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J Biol Chem. 2002 May 17;277(20):18029-36. Epub 2002 Mar 8.

Cytoplasmic localization of tristetraprolin involves 14-3-3-dependent and -independent mechanisms.

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  • 1Center for Blood Research and Department of Pathology, Harvard Medical School, Boston, Massachusetts 02115, USA.

Abstract

The immediate early gene tristetraprolin (TTP) is induced transiently in many cell types by numerous extracellular stimuli. TTP encodes a zinc finger protein that can bind and destabilize mRNAs that encode tumor necrosis factor-alpha (TNFalpha) and other cytokines. We hypothesize that TTP also has a broader role in growth factor-responsive pathways. In support of this model, we have previously determined that TTP induces apoptosis through the mitochondrial pathway, analogously to certain oncogenes and other immediate-early genes, and that TTP sensitizes cells to the pro-apoptotic signals of TNFalpha. In this study, we show that TTP and the related proteins TIS11b and TIS11d bind specifically to 14-3-3 proteins and that individual 14-3-3 isoforms preferentially bind to different phosphorylated TTP species. 14-3-3 binding does not appear to inhibit or promote induction of apoptosis by TTP but is one of multiple mechanisms that localize TTP to the cytoplasm. Our results provide the first example of 14-3-3 interacting functionally with an RNA binding protein and binding in vivo to a Type II 14-3-3 binding site. They also suggest that 14-3-3 binding is part of a complex network of stimuli and interactions that regulate TTP function.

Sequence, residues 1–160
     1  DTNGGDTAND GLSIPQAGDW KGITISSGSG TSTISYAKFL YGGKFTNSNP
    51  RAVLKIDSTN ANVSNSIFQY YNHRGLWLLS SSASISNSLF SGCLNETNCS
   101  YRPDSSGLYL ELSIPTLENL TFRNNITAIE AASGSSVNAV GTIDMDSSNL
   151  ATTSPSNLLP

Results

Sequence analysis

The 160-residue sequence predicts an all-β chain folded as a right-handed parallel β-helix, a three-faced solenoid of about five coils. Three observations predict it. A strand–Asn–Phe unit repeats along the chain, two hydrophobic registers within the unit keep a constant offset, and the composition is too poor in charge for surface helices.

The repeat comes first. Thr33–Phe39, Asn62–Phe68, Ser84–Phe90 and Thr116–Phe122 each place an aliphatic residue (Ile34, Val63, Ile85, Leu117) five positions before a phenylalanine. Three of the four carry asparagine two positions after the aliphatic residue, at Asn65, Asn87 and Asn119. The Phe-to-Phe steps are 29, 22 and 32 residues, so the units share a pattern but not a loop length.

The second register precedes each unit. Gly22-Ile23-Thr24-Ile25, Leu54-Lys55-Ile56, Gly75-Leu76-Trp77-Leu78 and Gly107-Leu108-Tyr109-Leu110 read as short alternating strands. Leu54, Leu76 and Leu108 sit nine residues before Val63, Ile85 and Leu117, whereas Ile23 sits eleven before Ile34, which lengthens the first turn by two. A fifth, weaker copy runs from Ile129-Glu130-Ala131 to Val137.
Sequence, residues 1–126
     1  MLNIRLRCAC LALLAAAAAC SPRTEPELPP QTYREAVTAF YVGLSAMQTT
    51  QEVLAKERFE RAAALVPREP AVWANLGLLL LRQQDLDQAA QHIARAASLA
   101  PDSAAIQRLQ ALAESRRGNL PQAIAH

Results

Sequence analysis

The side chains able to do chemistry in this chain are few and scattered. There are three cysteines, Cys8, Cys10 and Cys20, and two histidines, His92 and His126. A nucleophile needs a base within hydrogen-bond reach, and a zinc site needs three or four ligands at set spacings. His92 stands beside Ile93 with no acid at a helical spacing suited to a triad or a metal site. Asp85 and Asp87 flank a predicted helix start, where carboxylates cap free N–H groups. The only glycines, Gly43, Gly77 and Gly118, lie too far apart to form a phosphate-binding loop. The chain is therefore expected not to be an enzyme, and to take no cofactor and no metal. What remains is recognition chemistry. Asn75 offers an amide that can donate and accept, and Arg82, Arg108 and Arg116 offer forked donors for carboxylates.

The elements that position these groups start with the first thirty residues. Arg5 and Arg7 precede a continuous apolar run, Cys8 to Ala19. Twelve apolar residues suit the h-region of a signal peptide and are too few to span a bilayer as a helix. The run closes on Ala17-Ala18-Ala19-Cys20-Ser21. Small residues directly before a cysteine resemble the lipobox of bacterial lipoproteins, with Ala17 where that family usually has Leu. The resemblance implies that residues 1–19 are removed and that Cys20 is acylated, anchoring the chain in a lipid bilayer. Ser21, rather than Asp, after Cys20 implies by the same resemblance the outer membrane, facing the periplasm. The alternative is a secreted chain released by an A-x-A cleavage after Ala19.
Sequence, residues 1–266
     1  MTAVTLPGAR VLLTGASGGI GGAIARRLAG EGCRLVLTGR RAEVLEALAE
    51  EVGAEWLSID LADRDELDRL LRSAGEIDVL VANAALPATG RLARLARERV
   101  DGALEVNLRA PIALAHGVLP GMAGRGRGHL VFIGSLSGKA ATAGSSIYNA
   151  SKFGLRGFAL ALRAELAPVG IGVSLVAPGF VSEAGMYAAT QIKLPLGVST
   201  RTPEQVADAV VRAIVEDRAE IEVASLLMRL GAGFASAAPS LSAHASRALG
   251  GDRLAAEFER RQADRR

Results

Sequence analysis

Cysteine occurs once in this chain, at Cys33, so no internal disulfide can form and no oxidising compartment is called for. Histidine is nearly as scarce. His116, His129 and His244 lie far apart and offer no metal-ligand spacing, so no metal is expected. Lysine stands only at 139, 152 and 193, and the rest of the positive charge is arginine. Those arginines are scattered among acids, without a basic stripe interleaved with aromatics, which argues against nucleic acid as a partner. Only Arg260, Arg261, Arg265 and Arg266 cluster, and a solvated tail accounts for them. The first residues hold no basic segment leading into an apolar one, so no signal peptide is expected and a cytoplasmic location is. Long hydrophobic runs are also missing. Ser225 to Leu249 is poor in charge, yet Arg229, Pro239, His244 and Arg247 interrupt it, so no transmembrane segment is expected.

PMID:
11886850
[PubMed - indexed for MEDLINE]
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